. You have to choose, for example, whether to help the terrorists fighting for absolute freedom in service to one man's lost daughter or to help the police apprehending a dangerous criminal with a desperate need to help others. Both sides are good and bad at the same time. The choices, and the stories that result, are engaging.
And that's one of the reasons the starter areas for both heroes and villains desperately needed a revamp: Not only was the presentation of those stories dull as heck, but there was barely a story to be told in the first place.
Huge chunks of City of Heroes
sadly follow what I like to call the mission salad formula. A contact has you fighting enemy group X, and then he throws in a certain number of missions involving enemy group X until you move on to a different group. You've got some street sweeper missions, some missions to click glowies, and a "kill everything" mission or two, and you just do these in whatever order until you run out of missions.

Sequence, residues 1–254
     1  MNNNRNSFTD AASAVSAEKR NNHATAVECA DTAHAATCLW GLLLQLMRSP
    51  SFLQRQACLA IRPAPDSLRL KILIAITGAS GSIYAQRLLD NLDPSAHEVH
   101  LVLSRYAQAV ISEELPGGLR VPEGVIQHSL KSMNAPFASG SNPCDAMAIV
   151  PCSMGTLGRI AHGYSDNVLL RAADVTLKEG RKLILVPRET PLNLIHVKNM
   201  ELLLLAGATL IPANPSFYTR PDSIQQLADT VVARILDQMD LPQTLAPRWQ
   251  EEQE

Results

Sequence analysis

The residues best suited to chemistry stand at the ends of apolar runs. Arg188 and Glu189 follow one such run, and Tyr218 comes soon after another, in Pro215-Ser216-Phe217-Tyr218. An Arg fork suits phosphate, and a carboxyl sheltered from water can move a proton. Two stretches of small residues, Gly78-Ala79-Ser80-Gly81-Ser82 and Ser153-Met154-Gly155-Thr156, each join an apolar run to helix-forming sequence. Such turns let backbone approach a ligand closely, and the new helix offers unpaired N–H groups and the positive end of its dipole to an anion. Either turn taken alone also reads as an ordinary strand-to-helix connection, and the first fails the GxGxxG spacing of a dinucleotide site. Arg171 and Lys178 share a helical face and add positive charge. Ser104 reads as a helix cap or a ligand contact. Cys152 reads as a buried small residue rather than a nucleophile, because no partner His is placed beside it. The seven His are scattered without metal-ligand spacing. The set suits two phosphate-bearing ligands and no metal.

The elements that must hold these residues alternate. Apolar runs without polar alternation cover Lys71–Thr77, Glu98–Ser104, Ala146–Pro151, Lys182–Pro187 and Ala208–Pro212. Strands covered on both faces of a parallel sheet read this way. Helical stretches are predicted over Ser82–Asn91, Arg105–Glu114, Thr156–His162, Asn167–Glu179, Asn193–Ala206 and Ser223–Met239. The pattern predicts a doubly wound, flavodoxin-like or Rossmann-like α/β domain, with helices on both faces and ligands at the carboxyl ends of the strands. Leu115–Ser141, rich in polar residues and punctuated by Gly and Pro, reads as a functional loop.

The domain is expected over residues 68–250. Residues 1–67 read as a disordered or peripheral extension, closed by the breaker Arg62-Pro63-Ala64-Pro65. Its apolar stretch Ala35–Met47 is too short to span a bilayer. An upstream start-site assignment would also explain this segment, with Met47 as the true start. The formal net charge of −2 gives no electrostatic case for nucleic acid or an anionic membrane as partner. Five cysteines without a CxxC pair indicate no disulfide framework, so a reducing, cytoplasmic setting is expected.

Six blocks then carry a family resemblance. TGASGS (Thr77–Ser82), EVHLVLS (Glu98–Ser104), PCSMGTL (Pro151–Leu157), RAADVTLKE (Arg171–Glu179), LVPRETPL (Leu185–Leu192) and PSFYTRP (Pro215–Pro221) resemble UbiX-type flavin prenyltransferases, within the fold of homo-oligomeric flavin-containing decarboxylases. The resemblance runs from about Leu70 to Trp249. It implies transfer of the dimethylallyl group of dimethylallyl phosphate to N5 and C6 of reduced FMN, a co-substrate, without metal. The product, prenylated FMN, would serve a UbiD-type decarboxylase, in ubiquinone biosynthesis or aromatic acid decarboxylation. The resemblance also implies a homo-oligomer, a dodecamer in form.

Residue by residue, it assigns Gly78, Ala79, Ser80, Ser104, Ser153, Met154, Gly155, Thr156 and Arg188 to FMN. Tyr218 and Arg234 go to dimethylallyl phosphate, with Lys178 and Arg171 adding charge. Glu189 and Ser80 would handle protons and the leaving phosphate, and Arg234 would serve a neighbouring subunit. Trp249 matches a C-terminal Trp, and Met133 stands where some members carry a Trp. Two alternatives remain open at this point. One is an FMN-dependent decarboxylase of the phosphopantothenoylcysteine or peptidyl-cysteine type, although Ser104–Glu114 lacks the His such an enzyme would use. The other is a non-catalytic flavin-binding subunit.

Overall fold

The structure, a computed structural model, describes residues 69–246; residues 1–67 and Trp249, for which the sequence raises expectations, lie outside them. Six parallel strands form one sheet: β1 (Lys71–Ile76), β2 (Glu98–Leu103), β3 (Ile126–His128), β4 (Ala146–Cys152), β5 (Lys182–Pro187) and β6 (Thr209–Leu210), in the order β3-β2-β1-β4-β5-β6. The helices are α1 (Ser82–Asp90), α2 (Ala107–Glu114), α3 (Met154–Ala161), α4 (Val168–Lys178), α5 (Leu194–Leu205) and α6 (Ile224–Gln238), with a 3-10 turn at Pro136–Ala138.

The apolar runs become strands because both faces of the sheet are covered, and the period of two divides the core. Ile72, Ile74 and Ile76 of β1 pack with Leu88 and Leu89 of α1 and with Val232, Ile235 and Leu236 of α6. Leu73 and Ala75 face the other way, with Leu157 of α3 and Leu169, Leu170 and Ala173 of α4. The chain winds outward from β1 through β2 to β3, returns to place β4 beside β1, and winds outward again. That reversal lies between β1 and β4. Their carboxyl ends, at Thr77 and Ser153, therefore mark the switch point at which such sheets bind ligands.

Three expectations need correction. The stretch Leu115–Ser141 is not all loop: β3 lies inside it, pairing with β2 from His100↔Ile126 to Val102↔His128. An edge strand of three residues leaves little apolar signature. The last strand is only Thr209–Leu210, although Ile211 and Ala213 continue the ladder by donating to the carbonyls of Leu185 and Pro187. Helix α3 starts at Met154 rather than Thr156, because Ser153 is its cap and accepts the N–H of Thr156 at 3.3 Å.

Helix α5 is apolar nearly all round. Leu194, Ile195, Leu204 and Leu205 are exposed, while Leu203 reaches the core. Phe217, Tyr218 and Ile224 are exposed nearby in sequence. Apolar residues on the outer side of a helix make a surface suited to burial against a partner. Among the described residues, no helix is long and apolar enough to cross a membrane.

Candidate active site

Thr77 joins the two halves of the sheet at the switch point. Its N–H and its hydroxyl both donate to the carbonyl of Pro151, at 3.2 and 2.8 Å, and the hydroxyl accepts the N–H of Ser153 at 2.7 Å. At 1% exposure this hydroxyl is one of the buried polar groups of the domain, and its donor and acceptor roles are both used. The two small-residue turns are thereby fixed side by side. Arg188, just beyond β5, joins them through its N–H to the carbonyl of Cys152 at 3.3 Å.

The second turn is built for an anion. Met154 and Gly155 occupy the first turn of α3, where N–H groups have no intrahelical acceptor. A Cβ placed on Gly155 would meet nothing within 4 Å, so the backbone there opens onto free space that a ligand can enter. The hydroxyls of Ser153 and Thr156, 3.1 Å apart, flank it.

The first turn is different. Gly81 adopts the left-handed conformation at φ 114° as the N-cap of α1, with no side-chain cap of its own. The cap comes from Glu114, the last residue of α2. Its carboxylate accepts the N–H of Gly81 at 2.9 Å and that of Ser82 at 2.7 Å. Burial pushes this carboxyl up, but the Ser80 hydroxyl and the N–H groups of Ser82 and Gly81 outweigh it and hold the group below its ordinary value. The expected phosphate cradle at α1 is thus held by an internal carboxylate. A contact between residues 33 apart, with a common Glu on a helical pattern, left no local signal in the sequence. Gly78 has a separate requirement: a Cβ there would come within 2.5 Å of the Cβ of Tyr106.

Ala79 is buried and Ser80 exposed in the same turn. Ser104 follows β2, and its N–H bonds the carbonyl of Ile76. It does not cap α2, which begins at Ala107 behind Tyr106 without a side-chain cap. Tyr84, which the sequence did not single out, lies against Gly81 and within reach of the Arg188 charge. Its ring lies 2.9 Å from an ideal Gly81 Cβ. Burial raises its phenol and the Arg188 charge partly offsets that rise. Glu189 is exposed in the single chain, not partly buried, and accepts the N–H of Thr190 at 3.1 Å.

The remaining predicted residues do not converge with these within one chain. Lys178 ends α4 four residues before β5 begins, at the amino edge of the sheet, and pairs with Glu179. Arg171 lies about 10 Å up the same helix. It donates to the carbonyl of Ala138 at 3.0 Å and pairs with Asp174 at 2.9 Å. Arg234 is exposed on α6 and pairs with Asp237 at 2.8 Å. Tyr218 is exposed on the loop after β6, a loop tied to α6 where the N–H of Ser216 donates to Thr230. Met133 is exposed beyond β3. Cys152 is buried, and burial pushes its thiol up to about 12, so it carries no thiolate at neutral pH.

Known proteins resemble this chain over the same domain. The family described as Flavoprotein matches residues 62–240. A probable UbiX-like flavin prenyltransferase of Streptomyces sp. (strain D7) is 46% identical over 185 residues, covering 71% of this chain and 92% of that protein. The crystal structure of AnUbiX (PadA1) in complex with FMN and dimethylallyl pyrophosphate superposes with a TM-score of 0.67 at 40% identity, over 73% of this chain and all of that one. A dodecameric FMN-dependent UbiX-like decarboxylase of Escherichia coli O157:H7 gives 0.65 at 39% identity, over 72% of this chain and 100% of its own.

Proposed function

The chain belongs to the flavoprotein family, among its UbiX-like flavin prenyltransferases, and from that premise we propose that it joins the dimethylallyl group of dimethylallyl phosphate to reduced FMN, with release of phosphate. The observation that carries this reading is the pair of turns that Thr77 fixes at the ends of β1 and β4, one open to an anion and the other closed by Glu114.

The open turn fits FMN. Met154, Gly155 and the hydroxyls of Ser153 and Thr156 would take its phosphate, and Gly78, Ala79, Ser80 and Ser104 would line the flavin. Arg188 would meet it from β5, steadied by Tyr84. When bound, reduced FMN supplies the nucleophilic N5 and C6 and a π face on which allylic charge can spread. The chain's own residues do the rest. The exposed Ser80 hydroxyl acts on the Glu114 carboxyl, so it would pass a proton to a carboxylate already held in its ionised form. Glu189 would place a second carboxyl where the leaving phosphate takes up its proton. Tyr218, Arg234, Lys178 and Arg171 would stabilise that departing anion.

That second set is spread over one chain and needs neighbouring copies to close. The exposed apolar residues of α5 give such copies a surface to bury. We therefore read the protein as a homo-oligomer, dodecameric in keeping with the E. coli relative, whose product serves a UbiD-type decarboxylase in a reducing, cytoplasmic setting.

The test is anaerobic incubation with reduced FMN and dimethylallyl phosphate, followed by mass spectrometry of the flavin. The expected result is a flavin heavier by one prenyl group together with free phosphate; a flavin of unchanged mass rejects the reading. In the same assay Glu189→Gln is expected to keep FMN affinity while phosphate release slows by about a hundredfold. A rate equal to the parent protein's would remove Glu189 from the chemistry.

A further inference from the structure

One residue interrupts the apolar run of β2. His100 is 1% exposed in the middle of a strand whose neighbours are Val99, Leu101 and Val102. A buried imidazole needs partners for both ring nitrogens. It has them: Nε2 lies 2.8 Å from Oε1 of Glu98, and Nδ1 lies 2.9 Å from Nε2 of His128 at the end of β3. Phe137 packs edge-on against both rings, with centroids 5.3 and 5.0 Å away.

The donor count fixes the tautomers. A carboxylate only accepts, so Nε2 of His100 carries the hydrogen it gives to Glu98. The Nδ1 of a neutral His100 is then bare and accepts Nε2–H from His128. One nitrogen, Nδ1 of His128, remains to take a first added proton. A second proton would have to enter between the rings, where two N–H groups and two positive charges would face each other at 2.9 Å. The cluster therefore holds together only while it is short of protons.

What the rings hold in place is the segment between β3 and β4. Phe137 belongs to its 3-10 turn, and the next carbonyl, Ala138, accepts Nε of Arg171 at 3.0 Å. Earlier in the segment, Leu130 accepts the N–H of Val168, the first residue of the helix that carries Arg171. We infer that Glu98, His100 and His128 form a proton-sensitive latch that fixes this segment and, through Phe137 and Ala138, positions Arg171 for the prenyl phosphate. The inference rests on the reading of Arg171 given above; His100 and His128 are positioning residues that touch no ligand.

Sure, there were hints of a story there. Generally, that story amounted to a restatement of fact mixed with Mad Libs. "THE CIRCLE OF THORNS have taken over AN OFFICE BUILDING where they ARE STASHING ARTIFACTS in order to MAKE PIZZA, so you have to RETRIEVE the ARTIFACTS and SO I CAN JUST TYPE ANYTHING HERE AND IT SHOWS UP." There's no sense of buildup or development; you're just running down missions until you've finished with a given area.
City of Villains
got the idea of having a single arc story to work right, but all of the arcs were still completely isolated. Sadly, they remain so even late in the game: There's nothing tying one story arc to any others, and as a result there's still not much sense of your character's having moved through a single story. Nemesis will curse at you if you've been taking missions to fight him non-stop or you've never seen him before in your life. (I know, you're probably just seeing a duplicate, but bear with me.) Elements all exist in isolation.